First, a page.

Best sources of protein for vegetarians


29 Jul 2018

#HealthBytes: Top 5 sources of protein for vegetarians

One major diet risk for vegetarians is protein deficiency.

This is owing to the fact that all types of meat are naturally rich in protein, but that's not the case with vegetarian foods. Or so we think.

If properly planned, a vegetarian diet can also supply you with enough proteins.

So, here are top 5 sources of protein for vegetarians.


Soybean is a powerful protein source for vegetarians

Soybean is a powerful protein source for vegetarians

All soy-based food items are great sources of protein, so much so that their protein content is high enough to compete with their non-vegetarian counterparts.

From soybean to soy milk, tofu to soy nuts, there's plenty of high-in-protein soy food items to choose from.

So, as long as a vegetarian's diet includes soy in it, they need not worry about protein deficiency.

Lentils and Pulses

Another reason to love Rajma Chawal?

Another desi way to get more protein into the system for vegetarians is by including more and more lentils, pulses, and beans into their diet.

According to the Harvard School of Public Health, one cup of cooked lentils contains nearly 18g of protein and 15g of fiber, with virtually no saturated fats or sodium.

So keep binging on Rajma Chawal, you'll get more protein.

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More the oats, more the protein

More the oats, more the protein

Not complete protein, but as compared to other grains (wheat and rice), oats are a good source of high-quality protein for vegetarians.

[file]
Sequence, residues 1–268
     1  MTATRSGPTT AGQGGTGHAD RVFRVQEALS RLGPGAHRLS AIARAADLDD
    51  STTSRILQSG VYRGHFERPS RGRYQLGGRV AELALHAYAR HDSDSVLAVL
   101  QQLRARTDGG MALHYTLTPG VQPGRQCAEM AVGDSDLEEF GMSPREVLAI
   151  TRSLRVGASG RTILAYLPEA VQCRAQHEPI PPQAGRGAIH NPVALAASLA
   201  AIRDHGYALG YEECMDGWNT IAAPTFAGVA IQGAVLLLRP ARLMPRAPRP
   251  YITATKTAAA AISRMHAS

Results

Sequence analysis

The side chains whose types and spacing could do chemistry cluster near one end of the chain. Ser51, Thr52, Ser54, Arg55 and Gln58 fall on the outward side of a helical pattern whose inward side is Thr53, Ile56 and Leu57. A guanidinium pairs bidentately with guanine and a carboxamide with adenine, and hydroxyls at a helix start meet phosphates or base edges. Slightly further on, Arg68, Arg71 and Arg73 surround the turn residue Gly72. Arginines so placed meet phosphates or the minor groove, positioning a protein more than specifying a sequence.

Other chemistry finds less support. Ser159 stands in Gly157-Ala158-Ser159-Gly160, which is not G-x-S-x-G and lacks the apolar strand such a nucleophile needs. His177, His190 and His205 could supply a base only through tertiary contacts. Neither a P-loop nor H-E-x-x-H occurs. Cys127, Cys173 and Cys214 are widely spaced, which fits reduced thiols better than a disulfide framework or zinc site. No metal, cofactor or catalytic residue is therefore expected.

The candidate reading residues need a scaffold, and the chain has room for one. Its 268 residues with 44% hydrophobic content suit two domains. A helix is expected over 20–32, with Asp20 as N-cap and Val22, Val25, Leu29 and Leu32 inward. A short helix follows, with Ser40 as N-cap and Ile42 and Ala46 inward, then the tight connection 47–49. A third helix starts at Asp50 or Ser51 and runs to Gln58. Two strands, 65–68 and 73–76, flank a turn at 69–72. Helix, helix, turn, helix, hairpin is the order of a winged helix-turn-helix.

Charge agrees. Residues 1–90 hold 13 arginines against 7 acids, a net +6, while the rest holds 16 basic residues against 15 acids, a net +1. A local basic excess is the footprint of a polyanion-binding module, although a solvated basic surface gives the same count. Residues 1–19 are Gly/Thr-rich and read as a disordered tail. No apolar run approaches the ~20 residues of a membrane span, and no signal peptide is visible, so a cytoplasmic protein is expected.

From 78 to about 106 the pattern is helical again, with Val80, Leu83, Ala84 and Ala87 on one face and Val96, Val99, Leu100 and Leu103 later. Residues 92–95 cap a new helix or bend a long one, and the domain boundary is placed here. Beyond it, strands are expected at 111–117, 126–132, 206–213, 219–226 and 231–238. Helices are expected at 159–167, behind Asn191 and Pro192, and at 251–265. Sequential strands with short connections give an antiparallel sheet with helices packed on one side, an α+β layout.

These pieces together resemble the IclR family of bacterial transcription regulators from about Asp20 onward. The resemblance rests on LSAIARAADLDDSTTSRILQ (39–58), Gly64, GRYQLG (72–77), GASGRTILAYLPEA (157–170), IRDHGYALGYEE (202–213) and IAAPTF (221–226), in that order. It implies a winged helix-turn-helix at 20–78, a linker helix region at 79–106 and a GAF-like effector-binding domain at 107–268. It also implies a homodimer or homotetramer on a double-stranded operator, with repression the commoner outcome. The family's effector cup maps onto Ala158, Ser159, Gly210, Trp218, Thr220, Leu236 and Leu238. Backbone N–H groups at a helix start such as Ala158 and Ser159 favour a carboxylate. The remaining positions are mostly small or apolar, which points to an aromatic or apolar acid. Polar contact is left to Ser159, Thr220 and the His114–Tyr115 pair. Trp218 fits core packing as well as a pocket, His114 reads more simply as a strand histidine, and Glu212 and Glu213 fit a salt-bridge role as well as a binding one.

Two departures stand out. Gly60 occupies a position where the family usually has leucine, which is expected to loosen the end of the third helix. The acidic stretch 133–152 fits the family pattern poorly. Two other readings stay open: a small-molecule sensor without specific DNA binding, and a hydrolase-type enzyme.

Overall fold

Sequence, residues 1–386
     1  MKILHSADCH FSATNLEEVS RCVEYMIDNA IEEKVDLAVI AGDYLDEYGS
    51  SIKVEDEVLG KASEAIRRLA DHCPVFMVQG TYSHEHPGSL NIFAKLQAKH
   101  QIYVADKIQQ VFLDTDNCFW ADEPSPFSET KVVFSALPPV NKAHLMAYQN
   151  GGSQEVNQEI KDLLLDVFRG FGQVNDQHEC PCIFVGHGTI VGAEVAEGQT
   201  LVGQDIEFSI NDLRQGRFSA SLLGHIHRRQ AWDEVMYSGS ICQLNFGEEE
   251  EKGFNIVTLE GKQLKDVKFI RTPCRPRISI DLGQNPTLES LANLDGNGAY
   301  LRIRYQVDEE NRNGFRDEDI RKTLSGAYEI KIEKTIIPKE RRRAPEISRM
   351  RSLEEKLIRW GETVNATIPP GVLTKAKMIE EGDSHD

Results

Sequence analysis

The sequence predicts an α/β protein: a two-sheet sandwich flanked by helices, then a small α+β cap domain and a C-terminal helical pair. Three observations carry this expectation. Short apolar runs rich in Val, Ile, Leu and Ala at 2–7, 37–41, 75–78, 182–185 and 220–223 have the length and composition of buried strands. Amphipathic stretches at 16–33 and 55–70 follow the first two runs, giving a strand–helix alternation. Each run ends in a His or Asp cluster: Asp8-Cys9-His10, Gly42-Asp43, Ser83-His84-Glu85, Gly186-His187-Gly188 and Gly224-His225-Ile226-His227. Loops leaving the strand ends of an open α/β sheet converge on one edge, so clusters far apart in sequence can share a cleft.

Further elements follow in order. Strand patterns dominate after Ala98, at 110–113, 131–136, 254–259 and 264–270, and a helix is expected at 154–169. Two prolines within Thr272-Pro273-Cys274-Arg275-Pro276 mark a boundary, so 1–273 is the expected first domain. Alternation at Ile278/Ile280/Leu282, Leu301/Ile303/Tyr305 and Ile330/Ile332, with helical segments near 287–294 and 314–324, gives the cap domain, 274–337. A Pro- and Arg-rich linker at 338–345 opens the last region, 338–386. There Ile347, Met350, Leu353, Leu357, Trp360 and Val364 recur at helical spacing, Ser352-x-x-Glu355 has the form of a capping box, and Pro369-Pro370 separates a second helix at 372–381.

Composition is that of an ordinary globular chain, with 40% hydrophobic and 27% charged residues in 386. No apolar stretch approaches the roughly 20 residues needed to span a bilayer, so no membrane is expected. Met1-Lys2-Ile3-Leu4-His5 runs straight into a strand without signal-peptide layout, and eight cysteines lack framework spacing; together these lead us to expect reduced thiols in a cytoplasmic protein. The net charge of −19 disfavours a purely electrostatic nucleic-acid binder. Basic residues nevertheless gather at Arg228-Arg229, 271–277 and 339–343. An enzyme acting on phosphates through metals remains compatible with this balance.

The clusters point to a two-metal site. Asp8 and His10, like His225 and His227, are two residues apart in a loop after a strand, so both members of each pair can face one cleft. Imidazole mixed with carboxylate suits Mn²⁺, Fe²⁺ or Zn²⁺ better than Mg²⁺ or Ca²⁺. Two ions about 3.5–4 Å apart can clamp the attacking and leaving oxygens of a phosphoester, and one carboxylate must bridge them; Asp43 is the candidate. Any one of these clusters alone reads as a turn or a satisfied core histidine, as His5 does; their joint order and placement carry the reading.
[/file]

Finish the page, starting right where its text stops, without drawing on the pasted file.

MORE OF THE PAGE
A half-cup of dry-oats ie. 120 ml supplies you with nearly 6 grams of protein and 4 grams fiber.

They also have decent amount of magnesium, zinc, phosphorus and folate.

Above all, who doesn't love a delicious oatmeal for breakfast?

Nuts/Nut Butter

Nuts and nut butter will give you enough protein

Nuts, nut-butter, and other seeds are great protein-rich options for non-meat eaters.

With just a handful of nuts (25-30 grams), you get 5-7 grams of protein, depending on the type of the nut or seed variety.

Further, they're also rich in fiber, healthy fats, iron, calcium, magnesium, and phosphorus.

But, don't munch on too many if you don't want to get fat.

Dairy foods

Milk and cheese to the rescue of protein deficients

Milk and cheese to the rescue of protein deficients

In addition to being great source of calcium, dairy products, ie. milk, cheese, yogurt etc. also contain decent amount of protein in them.

One cup full of milk will give you about 8 grams of protein, while a cup of low-fat yogurt contains about 13 grams of dietary protein.

Paneer is another great option, as one ounce of it provides nearly 7 grams protein.

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